Socialism, the Principle of Necessity, and the Destruction of Moral Character

“He who works his hand will be satisfied with bread, but he who follows useless things is devoid of understanding.” – Proverbs 12:11

Recent polling shows over 50% of people favor a socialist society over a republic. As November elections approach, the Democratic Party continues to move toward what they term “democratic socialism.” In NY City, Alexandria Ocasio-Cortez is running on a platform that includes free Medicare for all, free college for all, repeal of the First Amendment, abolishing ICE, and guaranteed employment. Sounds awesome, right?

One of the tenets of the Principle of Necessity is that it is necessary for people to go to work to provide a living for themselves. In America, working is viewed as the means for providing life’s necessities (food, shelter, medical) and for development of a person’s character. Work, in American society, is good.

In France, May of 2016 saw hundreds of thousands of college students, joined by French labor unions, riot in the streets. Violence erupted in a standoff between police and protestors over a new law pushed through Parliament. What law could cause such widespread anger across the country, among French citizens?

This law allows any company to fire a person under the age of 26, without cause, within the first two years of employment. People rioted for over 10 weeks because companies should not have the right to fire someone. French citizens believe employment is a right, not a privilege. Which, by the way, is also how they view their vacation time. Welcome to the absurd logic around the world of socialism.

But let’s take a closer look. This is the government’s attempt to deal with the out-of-control unemployment rate of young people out of college, which now is over 25%. You see, French companies hate to hire France’s young millennials because France’s socialist government makes it impossible to fire them except “for cause,” which under union rules means committing a serious crime in the workplace. And knowing this, the average French worker is not legally bound to adhere to the company’s directives, but only to their own.

In our verse this week out of Proverbs, King Solomon gives some very wise advice: if you want to make sure you have life’s necessities, go to work. The apostle Paul, in his letter to Timothy, puts it even more bluntly: “If anyone does not provide for his relatives, and especially for members of his household, he has denied the faith and is worse than an unbeliever”. (1Timothy 5:8).

We should take a moment to define socialism. Socialism begins with state ownership and control of all major resources, as a society looks to the state to provide for the welfare of its citizens. Unfortunately, history reveals it usually ends with the collapse of people’s character, followed by the productive population. In his article ‘Socialism Kills’, columnist Dennis Prager gives us 5 good reasons why socialism destroys people’s character as it breeds selfishness, callousness and narcissism in its citizens.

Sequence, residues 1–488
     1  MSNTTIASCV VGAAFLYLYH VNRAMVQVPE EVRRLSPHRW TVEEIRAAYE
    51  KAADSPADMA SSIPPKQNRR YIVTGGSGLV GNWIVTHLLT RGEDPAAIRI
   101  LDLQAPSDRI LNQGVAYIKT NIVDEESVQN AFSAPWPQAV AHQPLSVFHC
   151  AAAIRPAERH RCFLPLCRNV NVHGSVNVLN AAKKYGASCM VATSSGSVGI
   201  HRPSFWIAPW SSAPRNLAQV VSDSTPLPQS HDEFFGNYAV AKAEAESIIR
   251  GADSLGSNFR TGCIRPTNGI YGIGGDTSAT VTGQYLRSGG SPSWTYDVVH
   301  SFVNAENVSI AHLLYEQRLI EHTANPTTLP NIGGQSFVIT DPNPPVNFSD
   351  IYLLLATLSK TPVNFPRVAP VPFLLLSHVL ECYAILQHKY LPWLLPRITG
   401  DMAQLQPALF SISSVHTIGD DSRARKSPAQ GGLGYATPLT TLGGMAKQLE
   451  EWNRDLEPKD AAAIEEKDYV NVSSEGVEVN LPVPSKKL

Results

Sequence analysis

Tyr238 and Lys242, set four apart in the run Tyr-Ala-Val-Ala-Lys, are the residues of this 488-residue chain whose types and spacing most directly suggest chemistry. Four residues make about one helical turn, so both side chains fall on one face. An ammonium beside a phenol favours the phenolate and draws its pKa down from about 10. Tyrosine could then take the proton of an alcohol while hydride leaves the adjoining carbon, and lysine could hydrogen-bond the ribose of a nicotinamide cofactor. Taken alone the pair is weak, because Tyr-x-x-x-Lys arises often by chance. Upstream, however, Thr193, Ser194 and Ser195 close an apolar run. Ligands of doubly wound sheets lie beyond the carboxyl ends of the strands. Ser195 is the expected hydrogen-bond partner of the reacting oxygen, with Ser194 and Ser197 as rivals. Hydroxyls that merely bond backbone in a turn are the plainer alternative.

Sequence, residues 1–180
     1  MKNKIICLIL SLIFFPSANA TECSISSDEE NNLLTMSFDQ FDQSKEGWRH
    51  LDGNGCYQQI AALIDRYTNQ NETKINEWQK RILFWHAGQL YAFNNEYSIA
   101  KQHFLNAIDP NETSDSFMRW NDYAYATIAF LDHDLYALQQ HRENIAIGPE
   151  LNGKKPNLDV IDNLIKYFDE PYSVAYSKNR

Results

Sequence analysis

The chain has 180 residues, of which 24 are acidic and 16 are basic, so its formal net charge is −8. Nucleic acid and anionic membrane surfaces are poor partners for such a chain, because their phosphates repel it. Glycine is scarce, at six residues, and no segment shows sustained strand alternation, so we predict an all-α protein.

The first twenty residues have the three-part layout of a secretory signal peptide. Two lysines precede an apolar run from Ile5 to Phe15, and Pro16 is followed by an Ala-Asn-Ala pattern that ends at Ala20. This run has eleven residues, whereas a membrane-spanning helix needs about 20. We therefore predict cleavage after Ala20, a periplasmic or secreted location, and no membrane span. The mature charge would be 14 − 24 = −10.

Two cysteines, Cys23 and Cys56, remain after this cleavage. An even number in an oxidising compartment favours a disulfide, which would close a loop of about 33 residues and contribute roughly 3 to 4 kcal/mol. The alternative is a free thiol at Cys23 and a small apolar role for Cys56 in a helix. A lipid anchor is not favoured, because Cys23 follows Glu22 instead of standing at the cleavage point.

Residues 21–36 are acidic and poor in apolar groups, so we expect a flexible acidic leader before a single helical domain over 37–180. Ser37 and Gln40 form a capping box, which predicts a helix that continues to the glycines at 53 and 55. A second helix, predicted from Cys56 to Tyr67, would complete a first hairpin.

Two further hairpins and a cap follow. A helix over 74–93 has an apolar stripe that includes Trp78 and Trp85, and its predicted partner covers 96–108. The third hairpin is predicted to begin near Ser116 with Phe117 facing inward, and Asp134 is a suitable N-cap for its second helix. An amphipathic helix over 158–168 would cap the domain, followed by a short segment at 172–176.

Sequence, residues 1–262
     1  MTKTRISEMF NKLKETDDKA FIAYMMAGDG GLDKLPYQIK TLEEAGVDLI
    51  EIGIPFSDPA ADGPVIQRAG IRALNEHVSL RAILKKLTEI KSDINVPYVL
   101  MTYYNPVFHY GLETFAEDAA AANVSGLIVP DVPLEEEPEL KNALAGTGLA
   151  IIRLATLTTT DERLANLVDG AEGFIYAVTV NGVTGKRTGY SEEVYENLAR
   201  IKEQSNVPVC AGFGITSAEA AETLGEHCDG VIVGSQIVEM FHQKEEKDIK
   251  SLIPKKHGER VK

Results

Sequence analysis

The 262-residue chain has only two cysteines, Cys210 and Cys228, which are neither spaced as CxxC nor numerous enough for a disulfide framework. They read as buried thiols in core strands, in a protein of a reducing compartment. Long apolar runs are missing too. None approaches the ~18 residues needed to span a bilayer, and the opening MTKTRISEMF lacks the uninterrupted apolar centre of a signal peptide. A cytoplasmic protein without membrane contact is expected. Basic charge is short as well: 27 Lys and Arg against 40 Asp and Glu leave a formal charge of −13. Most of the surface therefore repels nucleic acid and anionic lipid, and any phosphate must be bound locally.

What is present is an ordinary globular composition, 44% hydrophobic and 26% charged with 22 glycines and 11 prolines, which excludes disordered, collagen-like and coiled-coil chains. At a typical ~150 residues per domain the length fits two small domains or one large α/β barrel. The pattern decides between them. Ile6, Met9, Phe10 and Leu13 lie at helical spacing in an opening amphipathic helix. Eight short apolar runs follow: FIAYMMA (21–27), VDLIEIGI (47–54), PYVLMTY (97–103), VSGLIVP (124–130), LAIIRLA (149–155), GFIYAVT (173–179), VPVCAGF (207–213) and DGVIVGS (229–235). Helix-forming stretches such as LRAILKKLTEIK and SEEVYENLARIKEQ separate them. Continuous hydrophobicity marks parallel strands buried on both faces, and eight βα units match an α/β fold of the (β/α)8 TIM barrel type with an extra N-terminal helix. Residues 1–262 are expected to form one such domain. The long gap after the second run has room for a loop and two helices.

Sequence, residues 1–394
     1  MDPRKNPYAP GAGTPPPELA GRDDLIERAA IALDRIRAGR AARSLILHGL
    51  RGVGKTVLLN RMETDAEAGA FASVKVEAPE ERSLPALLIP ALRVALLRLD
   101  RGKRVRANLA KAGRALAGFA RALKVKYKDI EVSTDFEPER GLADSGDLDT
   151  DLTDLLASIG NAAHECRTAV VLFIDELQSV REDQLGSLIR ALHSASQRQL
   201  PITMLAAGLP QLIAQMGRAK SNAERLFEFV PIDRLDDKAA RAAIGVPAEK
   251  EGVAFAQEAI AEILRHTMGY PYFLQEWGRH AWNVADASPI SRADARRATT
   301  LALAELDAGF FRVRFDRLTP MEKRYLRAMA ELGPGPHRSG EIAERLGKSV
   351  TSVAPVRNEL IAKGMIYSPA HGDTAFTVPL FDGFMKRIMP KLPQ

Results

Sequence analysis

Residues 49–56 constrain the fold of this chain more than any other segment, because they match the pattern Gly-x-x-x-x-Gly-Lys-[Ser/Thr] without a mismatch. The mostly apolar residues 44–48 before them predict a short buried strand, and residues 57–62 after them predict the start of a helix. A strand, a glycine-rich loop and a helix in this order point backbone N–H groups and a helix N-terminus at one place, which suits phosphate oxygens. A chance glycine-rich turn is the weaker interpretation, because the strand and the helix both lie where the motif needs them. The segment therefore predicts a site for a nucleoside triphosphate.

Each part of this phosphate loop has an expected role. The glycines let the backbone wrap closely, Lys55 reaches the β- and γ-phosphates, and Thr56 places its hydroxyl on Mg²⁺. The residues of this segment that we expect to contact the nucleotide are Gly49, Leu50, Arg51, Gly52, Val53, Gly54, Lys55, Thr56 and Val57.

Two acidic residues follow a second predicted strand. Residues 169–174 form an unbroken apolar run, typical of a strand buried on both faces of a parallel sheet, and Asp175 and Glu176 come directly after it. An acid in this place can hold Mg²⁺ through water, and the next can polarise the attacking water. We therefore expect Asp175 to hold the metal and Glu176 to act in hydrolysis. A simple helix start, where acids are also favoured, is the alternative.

Reason #1: “People who embrace socialism hate to work. In France, the legal length of the work week is 35 hours. The NY Times featured an article describing the death of the Protestant work ethic in secular, socialist Europe and the thriving of that ethic in America – and that this explains the far greater productivity and affluence of America. The Judeo-Christian tradition values work; secularism doesn’t. And as we all know from watching our children, people with a lot of time on their hands have character problems.”

Reason #2: “Socialism values equality more than liberty. The Norwegian government passed a law that the boards of its largest corporations must be half female. Because liberty is held in lower esteem, Europe has raised a generation that does not value liberty nearly as much Americans do (though we’re getting there).”

Reason #3: “Socialism teaches you to avoid taking care of other people. The state will – why should you? If people in France take less care of their aging parents, it is because they are taught from childhood to allow the state to take care of everybody. The bigger the government, the worse the people.”

Reason #4: “People in socialist countries give little charity, while Americans give vast amounts (just as Americans in conservative states give more charity per capita than people in liberal ones).”

Reason #5: “The larger the state, the more callous its heart. Twentieth century evil was made possible in large measure by the bureaucratic mentality – the person who is merely a cog in the government machine, collectively all-powerful but individually powerless to do anything except take and execute orders.”

Leave a Reply

Fill in your details below or click an icon to log in:

WordPress.com Logo

You are commenting using your WordPress.com account. Log Out /  Change )

Google+ photo

You are commenting using your Google+ account. Log Out /  Change )

Twitter picture

You are commenting using your Twitter account. Log Out /  Change )

Facebook photo

You are commenting using your Facebook account. Log Out /  Change )

Connecting to %s

This site uses Akismet to reduce spam. Learn how your comment data is processed.